• Ah.. it so happens that I have my “Dictionary of Forestry” right next to this computer. Thank you John Helms!

              forestry- the profession embracing the science, art, and practice of creating, managing, using and conserving forests and associated resources for human benefit and in a sustainable matter to meet desired goals, needs and values.

              note: the broad field of forestry consists of those biological, quantitative, managerial and social sciences that are applied to forest management and conservation.

          • Derek

            Re: “All we here is the sanctity of ecological science, but we seldom hear forestry referred to as a science”
            —> Ah, the beauty and convenience of selective memory loss. Gotta hand it to the enviros, they are the masters of twisting words, just like some politicians, but I am not interested in winning if I have to subvert the truth either directly or indirectly. If the pendulum does swing back, it will be on the basis of credibility on our side and the lack thereof on the part of uninformed enviros as you or someone else has already implied here.

            Sharon’s quote from the SAF Dictionary of Forestry is the correct definition. Unfortunately it is inadequate for someone who wants to understand what the definition means so that they can relate to it.

            My long definition/explanation of Forestry is something like:
            —> Forestry is the sound management of forests recognizing that a forest is a composite of many different smaller and varied forest types/ecosystems with each contiguous forest type constituting a forest stand generally consisting of one to a couple hundred acres (plus or minus) when under normal management. The management of a forest is coordinated over all of the component stands rather than treating each component as an isolated, independent forest. The result is that the total composite forest is a sustainable, dynamic, constantly transitioning, mix of healthy forest stands of various age classes and site (specific location) appropriate keystone tree species. This mix is dispersed over the entirety of the forest in order to provide as much diversity as reasonable between adjoining stands and to provide resistance to disease, insects, and fire while providing continuity over the forest for niche species.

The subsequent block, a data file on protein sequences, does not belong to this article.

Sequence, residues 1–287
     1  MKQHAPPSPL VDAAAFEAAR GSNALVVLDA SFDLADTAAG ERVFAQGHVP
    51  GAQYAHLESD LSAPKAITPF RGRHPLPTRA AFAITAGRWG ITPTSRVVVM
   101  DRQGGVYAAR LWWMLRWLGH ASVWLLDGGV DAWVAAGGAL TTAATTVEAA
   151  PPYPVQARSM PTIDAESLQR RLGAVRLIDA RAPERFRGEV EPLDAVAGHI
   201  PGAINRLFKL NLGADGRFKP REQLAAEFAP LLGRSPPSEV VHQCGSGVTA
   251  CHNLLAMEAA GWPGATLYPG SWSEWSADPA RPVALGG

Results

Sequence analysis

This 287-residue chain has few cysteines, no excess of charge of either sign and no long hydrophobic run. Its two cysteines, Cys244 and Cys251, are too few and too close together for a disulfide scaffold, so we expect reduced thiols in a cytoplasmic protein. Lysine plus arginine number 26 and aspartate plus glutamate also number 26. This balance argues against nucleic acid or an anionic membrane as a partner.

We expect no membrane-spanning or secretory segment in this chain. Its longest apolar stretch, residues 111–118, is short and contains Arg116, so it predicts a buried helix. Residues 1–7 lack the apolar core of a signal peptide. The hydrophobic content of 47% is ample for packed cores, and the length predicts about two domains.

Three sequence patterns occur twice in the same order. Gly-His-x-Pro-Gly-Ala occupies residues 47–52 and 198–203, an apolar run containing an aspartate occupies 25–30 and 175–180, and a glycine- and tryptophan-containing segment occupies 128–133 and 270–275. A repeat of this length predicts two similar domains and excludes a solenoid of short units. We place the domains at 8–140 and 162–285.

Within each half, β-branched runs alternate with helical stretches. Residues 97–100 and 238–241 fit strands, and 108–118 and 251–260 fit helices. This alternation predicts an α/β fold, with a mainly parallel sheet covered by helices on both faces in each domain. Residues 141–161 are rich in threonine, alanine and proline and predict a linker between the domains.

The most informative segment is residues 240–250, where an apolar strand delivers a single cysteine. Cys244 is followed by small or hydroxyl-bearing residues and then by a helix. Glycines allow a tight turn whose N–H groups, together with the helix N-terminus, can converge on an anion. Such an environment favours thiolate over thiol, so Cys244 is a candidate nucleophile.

The forester, as a scientific generalist, manages the forest by utilizing the best established, current, supporting science as reported by scientific specialists and marries that knowledge with on the ground, time proven, location/circumstance specific experience when things don’t fit the text books. Special consideration is given to minor species when desired providing that doing so doesn’t drastically affect the keystone species and thereby eventually destroy the total forest ecosystem that drives the environment. <—